One of the cool things about studying Chinese and living in China is that, after you return to America, you realize how often Chinese language and culture is appropriate in our culture. Prominent examples include tattoos and proverbs. Please check out Hanzismatter for the former if you haven’t yet, and for the latter – I’m sure everyone can list at least one thing that “Confucius say”.
On my first day of class here at Stanford, I went to my Linear Algebra class in the Jen-Hsun Huang Engineering Center in the new engineering quad. It’s a very nice new building in an whole area of new development, and the whole thing just screams “design”. It definitely gives the impression that every element of each building was carefully thought out and intended to convey some idea.
So as I approached the doors (in the lower left-hand corner of the picture above, I was surprised to notice that, of the 6 doors in the front of the building, only the doors on the farthest left and farthest right have handles and are able to be opened. Interesting, I thought, I wonder what the designer was thinking when he came up with this?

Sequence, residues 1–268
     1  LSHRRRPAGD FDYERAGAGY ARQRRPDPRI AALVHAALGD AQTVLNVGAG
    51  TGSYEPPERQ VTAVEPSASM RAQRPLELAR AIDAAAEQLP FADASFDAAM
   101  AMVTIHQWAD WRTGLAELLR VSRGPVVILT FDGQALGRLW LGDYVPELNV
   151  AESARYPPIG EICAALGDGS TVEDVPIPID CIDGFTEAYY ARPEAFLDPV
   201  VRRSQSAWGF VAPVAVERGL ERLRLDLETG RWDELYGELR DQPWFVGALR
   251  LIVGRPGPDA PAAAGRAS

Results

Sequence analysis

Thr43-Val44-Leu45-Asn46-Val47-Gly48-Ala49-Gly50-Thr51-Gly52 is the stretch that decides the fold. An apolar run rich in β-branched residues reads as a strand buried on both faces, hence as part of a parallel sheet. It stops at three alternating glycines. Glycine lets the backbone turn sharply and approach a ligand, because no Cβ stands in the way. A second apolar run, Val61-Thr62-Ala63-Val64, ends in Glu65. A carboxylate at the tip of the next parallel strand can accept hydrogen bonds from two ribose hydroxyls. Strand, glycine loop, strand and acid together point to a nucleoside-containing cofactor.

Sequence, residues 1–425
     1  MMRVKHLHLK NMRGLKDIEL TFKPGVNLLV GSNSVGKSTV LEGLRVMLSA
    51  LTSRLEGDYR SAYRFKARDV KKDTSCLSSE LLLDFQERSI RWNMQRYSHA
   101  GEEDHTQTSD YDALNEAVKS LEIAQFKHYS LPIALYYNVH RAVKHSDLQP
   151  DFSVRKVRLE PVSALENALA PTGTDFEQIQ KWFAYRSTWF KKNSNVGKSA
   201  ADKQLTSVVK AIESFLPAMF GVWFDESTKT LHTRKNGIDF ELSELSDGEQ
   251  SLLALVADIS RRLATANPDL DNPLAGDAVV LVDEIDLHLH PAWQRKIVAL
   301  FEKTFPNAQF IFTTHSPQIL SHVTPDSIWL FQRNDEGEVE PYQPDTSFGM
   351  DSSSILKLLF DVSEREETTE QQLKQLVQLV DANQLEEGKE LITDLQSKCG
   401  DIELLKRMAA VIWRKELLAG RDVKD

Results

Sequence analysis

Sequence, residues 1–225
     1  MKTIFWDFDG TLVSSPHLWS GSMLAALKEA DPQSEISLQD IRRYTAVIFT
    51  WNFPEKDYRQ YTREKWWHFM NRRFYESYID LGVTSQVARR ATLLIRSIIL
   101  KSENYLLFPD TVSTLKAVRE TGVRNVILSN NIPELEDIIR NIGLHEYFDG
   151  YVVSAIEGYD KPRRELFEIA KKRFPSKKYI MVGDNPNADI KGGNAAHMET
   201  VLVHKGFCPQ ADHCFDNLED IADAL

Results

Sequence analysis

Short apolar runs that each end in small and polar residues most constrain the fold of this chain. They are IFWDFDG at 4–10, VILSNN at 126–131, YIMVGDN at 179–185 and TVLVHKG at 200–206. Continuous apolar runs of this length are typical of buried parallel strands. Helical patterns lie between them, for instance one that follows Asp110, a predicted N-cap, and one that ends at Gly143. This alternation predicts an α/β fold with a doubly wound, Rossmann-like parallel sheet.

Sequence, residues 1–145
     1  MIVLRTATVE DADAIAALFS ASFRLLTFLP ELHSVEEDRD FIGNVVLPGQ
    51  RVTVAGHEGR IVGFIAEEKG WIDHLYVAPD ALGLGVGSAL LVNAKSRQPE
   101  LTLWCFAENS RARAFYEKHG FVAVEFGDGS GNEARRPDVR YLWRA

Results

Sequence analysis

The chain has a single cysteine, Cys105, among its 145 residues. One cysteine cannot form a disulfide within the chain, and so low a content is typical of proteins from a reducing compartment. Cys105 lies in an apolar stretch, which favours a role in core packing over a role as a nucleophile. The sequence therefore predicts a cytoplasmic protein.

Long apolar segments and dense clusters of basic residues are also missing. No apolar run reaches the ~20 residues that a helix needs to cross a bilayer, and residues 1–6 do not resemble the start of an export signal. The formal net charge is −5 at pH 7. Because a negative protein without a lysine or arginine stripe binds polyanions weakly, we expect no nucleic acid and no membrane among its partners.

I asked a few students their thoughts, but we came up with nothing conclusive. On the way out after class, though, I noticed a quote engraved on stone set into the patio directly in front of the unopenable doors.
“Teachers open the door but you must walk through it yourself.”
– Chinese proverb
Now that really made me think about the conscious choice to make it impossible for students to open 2/3 of the doors.
Seems odd to me for a school like Stanford to encourage students to think that doors (in the figurative sense of the proverb) can only be opened by teachers. I’ve been told several times that in a PhD, you teach yourself – open your own doors and walk through them, if you will.
Maybe it’s just a subtle reminder of how selective the school is – the teachers here have left some doors open, but only for some students.
Or maybe they just googled “door chinese proverb”. (At least they chose the one from the first two results and not the third . . .)